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After the Kray family meeting at the Waldorf near the film's beginning, Jack Kray emerges onto the street, and into an angry gay rights protest, with dark hair which he doesn't sport in any other scene. It's unexplained, and not a flashback because Anthony climbs onto his car as part of the protest. See more »
POSTER BOY is a film with a lot of potential: the story premise is solid (though a bit tired), the cast of both young and experienced actors is quite fine, and there are some worthwhile statements about our political system, about tolerance and acceptance and family, and about being true to yourself. Despite all of these aspects that should have made a fine little film the whole thing bogs down with some of the worst editing and camera work on record. That, and the writers' (Lecia Rosenthal and Ryan Shiraki) need to place platitudes into normal conversation is most distracting. Zak Tucker as director just didn't seem to have control of this piece.
The story itself is rather simple. Through the gimmick of a confession to a reporter we meet handsome young Henry Kray (the talented Matt Newton), gay since early teens but electing to keep his private life a secret, who is the son of Senator Jack Kray (Michael Lerner) and his lovely but docile wife Eunice (the fine Karen Allen). It seems that six months prior to the time we are invited into the conversation Henry met Anthony (hunky Jack Noseworthy) whose roommate is HIV positive Izzie (Valerie Geffner). Henry and Anthony have a one-night stand the day before Jack Kray is to give a speech for re-election at Henry's college. The Senator accidentally hits Izzie with his car and Eunice insists Izzie stay with them in their suite where the two women bond. Meanwhile Henry's night with Anthony makes him late for the speech, but a talk to Henry from Jack before the speech telling him what to say (Jack is the best father, loves family values, etc) sticks in Henry's throat and soon after he obeys his father's wishes for the speech introduction, Henry turns to his table partner Anthony and the two kiss openly as the Senator is addressing the crowd - all caught by the media of course.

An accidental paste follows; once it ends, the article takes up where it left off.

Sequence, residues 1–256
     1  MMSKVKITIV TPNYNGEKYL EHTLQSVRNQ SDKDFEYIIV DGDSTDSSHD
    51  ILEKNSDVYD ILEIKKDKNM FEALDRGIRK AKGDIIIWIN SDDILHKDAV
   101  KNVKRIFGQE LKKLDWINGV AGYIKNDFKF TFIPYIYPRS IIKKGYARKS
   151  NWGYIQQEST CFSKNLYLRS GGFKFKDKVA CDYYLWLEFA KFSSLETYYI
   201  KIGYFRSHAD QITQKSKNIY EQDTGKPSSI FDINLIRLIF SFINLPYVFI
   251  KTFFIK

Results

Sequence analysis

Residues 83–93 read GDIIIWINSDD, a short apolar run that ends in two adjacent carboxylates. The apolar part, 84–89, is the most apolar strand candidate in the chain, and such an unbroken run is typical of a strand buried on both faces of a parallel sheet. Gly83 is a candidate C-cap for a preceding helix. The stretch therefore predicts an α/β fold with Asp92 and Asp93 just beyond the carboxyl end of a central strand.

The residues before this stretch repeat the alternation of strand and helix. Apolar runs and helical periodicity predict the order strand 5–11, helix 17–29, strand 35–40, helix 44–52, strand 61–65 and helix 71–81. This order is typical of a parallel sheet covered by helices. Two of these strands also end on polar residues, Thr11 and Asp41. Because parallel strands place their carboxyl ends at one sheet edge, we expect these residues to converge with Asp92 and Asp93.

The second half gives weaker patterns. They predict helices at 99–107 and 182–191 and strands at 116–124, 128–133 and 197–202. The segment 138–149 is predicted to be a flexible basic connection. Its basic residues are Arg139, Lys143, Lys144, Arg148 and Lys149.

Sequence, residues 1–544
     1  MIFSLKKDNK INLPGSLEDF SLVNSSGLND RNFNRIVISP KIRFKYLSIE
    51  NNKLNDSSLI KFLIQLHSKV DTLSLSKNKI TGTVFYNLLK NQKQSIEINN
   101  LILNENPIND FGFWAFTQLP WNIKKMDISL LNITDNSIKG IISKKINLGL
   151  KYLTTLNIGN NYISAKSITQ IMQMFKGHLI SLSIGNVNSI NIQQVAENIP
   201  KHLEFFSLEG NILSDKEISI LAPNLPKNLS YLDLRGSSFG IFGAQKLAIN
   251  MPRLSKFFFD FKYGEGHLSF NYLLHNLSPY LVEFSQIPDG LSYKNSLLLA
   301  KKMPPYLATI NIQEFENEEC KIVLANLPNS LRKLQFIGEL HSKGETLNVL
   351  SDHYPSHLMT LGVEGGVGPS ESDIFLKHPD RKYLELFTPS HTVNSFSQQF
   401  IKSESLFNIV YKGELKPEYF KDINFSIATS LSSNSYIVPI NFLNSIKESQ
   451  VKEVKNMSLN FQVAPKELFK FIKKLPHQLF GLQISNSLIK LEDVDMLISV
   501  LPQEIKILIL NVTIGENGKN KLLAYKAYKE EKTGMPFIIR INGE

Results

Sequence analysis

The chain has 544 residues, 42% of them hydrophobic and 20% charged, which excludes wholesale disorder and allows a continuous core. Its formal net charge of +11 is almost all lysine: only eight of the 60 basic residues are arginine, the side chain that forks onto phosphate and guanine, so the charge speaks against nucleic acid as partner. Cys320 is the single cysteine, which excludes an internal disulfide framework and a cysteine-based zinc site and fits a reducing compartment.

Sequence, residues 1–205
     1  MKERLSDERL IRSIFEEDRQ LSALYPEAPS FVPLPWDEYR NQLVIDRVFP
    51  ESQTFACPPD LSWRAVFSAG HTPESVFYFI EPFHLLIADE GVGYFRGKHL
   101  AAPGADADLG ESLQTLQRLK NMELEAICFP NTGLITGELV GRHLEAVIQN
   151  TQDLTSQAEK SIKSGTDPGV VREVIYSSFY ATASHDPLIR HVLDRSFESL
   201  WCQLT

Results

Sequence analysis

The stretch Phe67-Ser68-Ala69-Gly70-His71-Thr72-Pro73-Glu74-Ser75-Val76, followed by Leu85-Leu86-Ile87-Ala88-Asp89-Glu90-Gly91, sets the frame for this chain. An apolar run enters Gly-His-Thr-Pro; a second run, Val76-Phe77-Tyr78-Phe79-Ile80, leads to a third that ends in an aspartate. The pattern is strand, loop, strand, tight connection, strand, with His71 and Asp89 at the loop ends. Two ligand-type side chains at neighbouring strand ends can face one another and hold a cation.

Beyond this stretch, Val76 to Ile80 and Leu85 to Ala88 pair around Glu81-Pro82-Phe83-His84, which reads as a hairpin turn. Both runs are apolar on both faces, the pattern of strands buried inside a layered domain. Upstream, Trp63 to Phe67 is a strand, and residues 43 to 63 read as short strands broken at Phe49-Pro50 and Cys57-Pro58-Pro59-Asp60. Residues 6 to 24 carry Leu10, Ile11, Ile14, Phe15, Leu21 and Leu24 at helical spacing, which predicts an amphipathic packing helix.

How this moment of honesty alters the lives of everyone around is the crux of the ending. Not a bad tale, but the camera work is so patchy and disconcertingly disconnected that it defies the viewer to keep the storyline straight. But if the viewer can keep up visually, the performances by the cast are well worth attention. There is some very fine talent on the screen of this B movie! Grady Harp
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